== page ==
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Prescription drug dependence: Don’t let it happen to you

If you have a chronic disease or health disorder, medication is most likely part of your treatment program. Unfortunately, some medications that older adults depend on—including painkillers and anti-anxiety drugs—have the potential for misuse or abuse. When you use prescription drugs incorrectly over too long a period, you run the risk of becoming dependent or becoming addicted. Either way, prescription drug misuse may lead to cognitive impairment, debilitating falls and even car accidents. That’s why it’s important to recognize the problem—whether in yourself or in a loved one.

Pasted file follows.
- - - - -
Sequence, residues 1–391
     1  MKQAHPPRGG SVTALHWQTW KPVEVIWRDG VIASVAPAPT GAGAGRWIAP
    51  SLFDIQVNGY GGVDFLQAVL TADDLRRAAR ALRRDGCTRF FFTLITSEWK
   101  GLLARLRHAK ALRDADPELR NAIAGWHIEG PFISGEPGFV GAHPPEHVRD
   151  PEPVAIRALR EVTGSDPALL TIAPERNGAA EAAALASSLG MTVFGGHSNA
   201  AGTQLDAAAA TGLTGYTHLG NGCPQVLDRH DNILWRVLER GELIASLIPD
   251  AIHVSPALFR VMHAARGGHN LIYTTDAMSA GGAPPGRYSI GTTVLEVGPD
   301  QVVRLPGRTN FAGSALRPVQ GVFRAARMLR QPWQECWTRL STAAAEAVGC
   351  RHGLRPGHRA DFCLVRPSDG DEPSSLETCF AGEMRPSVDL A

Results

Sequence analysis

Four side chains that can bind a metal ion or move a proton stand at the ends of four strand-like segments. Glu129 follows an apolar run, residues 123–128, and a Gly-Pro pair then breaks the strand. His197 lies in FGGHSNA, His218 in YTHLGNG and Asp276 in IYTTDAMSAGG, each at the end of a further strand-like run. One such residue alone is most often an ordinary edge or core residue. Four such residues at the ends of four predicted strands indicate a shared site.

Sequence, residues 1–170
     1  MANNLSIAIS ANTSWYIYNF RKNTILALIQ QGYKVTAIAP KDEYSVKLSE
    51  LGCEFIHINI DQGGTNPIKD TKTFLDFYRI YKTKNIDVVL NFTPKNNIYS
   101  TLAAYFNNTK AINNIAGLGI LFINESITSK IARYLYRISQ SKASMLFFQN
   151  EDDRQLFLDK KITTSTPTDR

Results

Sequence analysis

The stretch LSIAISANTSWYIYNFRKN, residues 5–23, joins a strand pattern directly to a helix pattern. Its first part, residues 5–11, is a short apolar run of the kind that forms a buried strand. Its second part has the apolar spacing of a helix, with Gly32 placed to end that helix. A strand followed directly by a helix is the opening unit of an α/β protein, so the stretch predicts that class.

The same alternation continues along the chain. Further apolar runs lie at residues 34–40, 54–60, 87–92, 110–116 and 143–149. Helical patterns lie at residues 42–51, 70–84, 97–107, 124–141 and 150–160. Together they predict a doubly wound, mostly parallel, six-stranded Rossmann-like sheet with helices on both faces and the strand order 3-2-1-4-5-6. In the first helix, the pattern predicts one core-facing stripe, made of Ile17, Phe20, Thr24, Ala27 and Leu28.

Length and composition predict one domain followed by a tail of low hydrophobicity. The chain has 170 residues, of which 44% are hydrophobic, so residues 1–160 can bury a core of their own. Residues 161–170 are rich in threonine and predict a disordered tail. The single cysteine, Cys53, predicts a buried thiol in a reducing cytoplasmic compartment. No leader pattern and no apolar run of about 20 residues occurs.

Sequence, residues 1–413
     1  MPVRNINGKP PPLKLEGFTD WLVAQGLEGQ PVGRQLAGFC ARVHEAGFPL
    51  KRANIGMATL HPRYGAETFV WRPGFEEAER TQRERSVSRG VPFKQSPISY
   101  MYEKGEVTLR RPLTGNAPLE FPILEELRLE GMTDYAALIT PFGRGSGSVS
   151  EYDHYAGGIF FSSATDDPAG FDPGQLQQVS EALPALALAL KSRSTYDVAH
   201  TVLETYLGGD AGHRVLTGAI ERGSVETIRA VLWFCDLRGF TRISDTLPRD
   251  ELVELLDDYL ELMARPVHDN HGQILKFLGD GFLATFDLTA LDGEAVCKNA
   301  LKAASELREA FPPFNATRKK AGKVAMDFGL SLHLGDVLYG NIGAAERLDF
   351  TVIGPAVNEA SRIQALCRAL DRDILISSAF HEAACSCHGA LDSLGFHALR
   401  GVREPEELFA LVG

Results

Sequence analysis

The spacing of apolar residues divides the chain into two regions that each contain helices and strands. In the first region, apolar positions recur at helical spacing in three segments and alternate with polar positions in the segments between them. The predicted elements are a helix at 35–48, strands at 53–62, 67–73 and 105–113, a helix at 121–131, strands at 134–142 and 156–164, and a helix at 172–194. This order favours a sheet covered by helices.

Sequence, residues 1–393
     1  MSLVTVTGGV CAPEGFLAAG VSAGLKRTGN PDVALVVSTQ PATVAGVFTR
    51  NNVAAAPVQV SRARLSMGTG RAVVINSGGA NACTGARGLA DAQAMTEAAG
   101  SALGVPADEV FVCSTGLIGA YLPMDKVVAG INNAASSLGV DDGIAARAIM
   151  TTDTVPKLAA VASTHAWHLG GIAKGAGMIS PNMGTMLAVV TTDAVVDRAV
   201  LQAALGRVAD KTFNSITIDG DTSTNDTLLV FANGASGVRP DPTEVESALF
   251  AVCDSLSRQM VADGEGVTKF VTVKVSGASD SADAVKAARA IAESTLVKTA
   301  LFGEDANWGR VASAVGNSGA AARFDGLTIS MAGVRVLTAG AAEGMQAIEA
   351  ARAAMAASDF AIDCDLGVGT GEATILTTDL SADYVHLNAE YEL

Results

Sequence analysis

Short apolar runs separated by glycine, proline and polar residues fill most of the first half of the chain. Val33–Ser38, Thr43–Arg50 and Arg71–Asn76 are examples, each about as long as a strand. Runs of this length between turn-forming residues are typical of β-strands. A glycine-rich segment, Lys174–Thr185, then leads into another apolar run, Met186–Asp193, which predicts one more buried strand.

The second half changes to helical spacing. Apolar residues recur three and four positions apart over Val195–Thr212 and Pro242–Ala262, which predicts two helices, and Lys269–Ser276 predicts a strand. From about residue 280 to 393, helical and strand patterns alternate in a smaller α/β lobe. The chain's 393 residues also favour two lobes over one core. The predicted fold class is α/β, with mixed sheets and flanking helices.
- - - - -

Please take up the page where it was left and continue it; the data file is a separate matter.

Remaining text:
Avoiding addiction

You generally don’t have to worry about becoming addicted if you follow your doctor’s instructions on when and how to take your medication, but it’s also important to:

  • Keep your doctor informed about your health and any side effects of medication.
  • Consider your family history. If a family member has had trouble with addiction or you’ve had a problem in the past, you have a greater risk of becoming addicted.
  • Be aware of physical changes, such as depression, sedation, confusion, slowed breathing, irritability or restlessness. Sudden clashes with family members, friends or co-workers may also be a sign something’s wrong.
  • Ask your pharmacist to print the medicine bottle label in larger typeface if you have trouble reading the instructions.

If you feel you may be addicted, ask your doctor for help. He or she may be able to wean you off the medication, prescribe less-addictive medicine in its place or refer you to a support group or therapist for help with depression or anxiety.